(Thursday, Feb. 23) – Democrats on the House State, Veterans & Military Affairs Committee voted early this morning to defeat a bill that would have made elected officials in vaguely defined “sanctuary jurisdictions” liable for civil damages and even criminal sanctions for any crime committed by any undocumented person within that jurisdiction.

HB17-1134, sponsored by Rep. Dave Williams, R-Colorado Springs, would also have forced local law enforcement officials to detain people without a warrant, violating the Fourth and Tenth Amendments, inviting expensive lawsuits and creating an unfunded mandate.

As a practical matter, the bill would have corrupted law enforcement’s mission of keeping people safe. Ron Sloan, representing the Colorado Association of Chiefs of Police, testified that the bill would compromise public safety by making community members fearful of attracting law enforcement attention by reporting crimes.

The bill also included language exempting itself from judicial review.

“The courts’ right to review legislation has been a settled question in this country since 1803, and lawmakers’ freedom to vote without fear of reprisal has been enshrined in Anglo-American law for even longer,” said Rep. Mike Foote, D-Lafayette, the chairman of the committee. “This reckless bill is so full of unconstitutional provisions that I’m surprised anyone who has taken an oath to uphold the Constitution could support it.”

Others speaking in opposition to the bill during the seven-hour hearing included the Colorado Municipal League, Colorado Counties Inc., the state sheriffs’ association, and a slew of education groups, civic organizations and human rights groups.

“This bill violates the Colorado and U.S. constitutions in multiple ways and proposes to direct local law enforcement agencies around our state to do the same,” said Rep. Mike Weissman, D-Aurora. “It’s also clear that HB- 1134 would make our state less safe by driving a wedge between communities and law enforcement officials who are sworn to protect them.  Business and political leaders in my city oppose this needlessly divisive bill and I strongly oppose it as well.”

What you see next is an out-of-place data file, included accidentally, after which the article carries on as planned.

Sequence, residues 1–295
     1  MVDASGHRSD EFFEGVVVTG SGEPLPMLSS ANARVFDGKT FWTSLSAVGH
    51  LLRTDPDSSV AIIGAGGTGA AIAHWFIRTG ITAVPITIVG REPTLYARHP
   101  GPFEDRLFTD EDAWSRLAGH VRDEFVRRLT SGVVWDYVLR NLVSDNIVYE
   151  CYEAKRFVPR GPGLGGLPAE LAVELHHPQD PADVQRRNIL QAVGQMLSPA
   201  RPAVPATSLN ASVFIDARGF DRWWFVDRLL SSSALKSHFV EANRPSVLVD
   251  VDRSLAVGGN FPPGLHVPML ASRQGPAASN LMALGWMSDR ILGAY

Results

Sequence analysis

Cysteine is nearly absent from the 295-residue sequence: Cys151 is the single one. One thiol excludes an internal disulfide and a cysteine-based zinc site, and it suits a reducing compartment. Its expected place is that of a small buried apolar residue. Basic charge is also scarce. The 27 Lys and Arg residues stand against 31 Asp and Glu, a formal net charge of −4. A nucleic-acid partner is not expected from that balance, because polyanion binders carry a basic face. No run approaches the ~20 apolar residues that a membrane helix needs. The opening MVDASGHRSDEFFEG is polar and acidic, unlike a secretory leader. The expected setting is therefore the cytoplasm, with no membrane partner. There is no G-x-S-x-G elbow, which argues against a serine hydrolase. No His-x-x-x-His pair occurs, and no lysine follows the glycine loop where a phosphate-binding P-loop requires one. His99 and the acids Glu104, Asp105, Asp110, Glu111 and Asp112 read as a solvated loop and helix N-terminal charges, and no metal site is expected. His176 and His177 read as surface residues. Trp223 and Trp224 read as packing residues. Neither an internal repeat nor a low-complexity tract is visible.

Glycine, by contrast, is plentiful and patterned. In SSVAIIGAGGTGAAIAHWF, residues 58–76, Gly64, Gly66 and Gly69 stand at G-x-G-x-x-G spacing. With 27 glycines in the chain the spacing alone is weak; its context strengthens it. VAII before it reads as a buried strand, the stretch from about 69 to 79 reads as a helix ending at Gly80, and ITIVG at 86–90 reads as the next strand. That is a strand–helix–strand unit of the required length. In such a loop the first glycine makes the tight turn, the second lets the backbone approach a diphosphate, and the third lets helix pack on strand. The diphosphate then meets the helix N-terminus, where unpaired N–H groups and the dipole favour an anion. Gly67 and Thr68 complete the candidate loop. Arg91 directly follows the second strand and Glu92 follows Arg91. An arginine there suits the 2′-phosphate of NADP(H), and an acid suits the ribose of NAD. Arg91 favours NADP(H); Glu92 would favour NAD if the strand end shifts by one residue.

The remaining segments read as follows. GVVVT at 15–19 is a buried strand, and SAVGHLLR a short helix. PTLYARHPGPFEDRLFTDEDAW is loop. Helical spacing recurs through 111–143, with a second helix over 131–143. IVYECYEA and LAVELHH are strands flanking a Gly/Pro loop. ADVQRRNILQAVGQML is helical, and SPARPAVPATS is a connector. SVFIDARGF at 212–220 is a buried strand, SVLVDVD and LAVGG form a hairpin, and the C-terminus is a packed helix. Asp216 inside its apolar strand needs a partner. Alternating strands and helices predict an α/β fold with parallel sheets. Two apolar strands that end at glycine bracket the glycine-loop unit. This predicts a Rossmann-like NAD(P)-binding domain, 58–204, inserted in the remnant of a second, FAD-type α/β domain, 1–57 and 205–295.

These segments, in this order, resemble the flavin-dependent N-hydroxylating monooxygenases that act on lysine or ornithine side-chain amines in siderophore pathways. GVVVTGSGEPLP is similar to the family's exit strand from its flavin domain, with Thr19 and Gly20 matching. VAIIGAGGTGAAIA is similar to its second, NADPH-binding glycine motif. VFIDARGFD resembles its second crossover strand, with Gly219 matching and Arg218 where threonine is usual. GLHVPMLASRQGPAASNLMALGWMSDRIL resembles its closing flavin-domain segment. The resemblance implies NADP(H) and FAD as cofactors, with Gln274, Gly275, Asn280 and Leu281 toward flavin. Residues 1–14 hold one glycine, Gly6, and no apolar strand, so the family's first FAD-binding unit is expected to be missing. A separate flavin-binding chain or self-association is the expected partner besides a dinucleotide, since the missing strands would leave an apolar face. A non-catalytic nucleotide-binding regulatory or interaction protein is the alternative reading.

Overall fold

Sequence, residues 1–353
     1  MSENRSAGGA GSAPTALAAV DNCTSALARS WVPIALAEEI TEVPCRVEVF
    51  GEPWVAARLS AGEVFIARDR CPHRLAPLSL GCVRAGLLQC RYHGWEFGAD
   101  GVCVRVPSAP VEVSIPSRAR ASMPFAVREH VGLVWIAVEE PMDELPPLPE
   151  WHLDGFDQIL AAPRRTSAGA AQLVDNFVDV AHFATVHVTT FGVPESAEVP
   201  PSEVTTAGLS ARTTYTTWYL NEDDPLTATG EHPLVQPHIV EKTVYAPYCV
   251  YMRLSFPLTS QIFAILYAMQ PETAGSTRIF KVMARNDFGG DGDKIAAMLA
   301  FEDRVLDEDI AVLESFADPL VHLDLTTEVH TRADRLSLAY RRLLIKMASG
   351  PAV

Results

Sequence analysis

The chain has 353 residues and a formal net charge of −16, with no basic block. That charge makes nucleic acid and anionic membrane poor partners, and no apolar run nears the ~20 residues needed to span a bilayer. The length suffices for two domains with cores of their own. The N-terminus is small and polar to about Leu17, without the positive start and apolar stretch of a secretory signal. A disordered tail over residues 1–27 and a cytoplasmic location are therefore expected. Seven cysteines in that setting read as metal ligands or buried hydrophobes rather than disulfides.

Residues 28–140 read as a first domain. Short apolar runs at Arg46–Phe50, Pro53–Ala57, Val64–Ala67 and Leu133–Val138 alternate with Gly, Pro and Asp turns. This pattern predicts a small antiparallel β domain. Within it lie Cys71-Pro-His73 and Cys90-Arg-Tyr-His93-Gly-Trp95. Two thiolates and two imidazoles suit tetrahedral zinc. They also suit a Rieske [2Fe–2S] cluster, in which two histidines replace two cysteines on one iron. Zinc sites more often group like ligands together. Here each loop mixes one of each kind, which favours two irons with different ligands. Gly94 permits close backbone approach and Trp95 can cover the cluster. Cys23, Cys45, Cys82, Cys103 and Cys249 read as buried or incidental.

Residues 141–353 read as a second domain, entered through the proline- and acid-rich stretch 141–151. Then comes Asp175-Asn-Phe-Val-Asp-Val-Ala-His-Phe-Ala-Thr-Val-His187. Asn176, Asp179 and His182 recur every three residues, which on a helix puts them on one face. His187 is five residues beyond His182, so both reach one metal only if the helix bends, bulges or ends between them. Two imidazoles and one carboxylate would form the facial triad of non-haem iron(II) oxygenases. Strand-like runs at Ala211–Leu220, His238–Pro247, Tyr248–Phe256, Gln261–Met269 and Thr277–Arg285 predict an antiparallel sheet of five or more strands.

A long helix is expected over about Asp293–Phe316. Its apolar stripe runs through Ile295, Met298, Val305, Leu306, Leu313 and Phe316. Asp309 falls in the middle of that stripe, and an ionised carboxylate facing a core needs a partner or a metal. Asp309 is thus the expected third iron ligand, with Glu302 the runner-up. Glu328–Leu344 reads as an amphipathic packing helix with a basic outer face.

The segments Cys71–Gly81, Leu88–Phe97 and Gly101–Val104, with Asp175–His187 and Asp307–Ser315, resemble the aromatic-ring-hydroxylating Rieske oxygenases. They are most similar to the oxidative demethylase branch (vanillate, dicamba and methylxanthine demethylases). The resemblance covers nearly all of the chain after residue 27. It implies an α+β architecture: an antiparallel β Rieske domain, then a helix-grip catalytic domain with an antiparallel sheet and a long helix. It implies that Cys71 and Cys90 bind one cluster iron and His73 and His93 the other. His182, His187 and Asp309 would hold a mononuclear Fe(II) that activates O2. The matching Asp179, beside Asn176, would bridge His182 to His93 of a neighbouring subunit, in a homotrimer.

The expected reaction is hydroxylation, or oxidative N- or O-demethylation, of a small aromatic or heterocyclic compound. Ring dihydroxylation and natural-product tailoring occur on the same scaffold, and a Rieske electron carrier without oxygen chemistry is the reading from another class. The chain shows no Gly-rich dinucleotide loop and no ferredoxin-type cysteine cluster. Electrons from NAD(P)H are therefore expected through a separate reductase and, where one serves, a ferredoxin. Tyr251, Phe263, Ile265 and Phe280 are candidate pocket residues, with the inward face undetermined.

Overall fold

Professors César García and Christopher Lasch of the University of Denver’s Sturm College of Law, who also testified against the bill tonight, described it in a recent report as “a constitutional train wreck.”

“If our students submitted this for a course,” they wrote, “we would be ashamed of our work as teachers and alarmed at the author’s disregard for basic principles of our constitutional democracy.”

Nevertheless, Reps. Tim Leonard, R-Evergreen, and Stephen Humphrey, R-Eaton, joined Rep. Williams in supporting HB17-1134. They were outvoted by Reps. Foote and Weissman and Reps. Susan Lontine, D-Denver; Adrienne Benavidez, D-Adams County; Edie Hooton, D-Boulder; and Jovan Melton, D-Aurora.

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